By Gary Blankenship
The Standing Committee on Advertising has denied a law firm permission to send texts to potential clients.
The committee reviewed proposals from the firm, which contended that texts are more akin to email than phone contacts, but the panel voted 6-1 against the idea.
At issue was Bar Rule 4-7.18(a), which prohibits direct communication or solicitation of potential clients in person or via telephone, telegraph, or fax. Direct mail, including emails, are permitted if they follow the requirements in Rule 4-7.18(b), including that the message must be clearly labeled as an advertisement, the first line must advise the recipient to ignore the communication if he or she already has an attorney, and that it must give the sending attorney’s qualifications and geographical address, among other things.
Jacob Stuart, representing the petitioning firm, argued in this case the phone number is more like an email address in that it is used to deliver a text message that would otherwise comply with Bar rules for direct mail. Smartphone users, he added, use their mobile devices more to check email, send texts, and post to social media than they do to make actual phone calls.
“The phone number has become an address,” Stuart said. “It is simply the address for a variety of accounts, one of which is the phone.”
He said the firm planned to obtain phone numbers of those arrested or issued traffic citations from clerks, run them through a database that identifies those that are mobile devices, and then use a computer to send them text messages. Stuart said the practice would help bring legal services to low- and moderate-income people who rely primarily on their smartphones for information.
He also noted that traditional landline phones can’t even receive texts.
Committee member Carolyn Bell said she was concerned because many texts would go straight to phone owners who hadn’t configured their phones to divert texts to a holding folder.
“When I get an email, I have an ability, first of all, to open it or not, and second of all, I don’t even access my email unless I want to access my email. But with text messages, I get a notification at the moment the message is sent,” she said.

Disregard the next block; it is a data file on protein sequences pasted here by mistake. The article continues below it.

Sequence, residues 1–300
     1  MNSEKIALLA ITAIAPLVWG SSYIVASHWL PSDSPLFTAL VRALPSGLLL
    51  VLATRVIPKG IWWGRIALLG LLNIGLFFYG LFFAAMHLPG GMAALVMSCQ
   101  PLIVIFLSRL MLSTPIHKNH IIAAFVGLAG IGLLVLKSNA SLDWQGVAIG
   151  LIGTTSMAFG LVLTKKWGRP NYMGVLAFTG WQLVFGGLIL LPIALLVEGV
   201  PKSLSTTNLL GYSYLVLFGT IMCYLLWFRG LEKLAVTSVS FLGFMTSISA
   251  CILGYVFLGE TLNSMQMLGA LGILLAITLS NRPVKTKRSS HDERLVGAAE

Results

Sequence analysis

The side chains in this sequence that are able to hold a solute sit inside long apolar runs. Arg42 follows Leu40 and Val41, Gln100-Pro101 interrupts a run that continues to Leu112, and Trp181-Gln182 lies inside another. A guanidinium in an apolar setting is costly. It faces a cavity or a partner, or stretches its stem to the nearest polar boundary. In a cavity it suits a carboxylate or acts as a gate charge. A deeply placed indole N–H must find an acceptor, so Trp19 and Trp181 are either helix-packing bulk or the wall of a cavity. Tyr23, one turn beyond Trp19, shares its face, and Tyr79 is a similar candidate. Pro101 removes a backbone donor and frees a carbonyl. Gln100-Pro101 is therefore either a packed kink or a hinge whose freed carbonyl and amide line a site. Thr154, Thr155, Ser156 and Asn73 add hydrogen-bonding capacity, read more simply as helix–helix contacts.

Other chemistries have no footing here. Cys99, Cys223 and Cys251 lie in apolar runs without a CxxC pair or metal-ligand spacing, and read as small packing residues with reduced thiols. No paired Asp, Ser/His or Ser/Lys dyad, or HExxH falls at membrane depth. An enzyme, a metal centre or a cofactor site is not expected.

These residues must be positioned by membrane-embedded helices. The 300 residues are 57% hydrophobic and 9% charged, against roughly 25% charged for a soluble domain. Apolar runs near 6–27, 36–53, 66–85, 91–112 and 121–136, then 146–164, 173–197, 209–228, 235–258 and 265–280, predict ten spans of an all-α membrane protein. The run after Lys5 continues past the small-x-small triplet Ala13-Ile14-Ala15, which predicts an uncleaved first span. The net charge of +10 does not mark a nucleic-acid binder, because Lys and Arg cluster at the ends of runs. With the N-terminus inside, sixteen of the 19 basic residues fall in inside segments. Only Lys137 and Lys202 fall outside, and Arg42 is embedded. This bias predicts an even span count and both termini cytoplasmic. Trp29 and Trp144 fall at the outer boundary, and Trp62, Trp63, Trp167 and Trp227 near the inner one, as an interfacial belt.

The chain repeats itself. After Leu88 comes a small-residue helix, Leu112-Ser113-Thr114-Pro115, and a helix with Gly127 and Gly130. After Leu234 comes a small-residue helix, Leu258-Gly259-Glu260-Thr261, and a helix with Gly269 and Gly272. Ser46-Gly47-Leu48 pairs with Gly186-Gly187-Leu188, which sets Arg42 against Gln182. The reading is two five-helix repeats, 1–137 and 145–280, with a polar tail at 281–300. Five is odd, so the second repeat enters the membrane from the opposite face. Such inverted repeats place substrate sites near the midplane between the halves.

Stuart said even though some owners hadn’t done so, they could set their phones to treat texts like emails.
Bar Ethics and Advertising Counsel Elizabeth Tarbert said a majority of Bar staff recommended against the text system. She noted that although the rule was written more than 20 years ago, before texts were possible and portable phones were in widespread use, the rule did not prohibit telephone “calls.” Rather it prohibits the use of telephones, as well as telegraphs, faxes, and in-person appeals to make direct solicitations to potential clients. Those restrictions, she said, address “the urgency and intrusiveness” of the communication.
Tarbert added that the committee could interpret the rules as allowing the texts, as long as they met the requirements for direct mail or email solicitations.
But in the end, the committee voted to affirm Bar staff’s opinion, with Bell saying she thinks texts are more like the telegraphs and faxes specifically prohibited in the rule. Public committee member Connie Bookman, who cast the sole no vote, said she agreed with Stuart that smartphones are really like mobile devices and small computers that also have the ability to make phone calls.
“You are texting a mobile device, not a telephone,” Bookman said.
Public committee Vice Chair Al Alsobrook, who voted with the majority, mused, “Unfortunately, the technology is changing faster than the rules can be changed. That is something that bothers me….The technology is going to continue to change and the rules are going to continue to be slow to change.”
The law firm has requested that the Bar Board of Governors review the committee’s decision.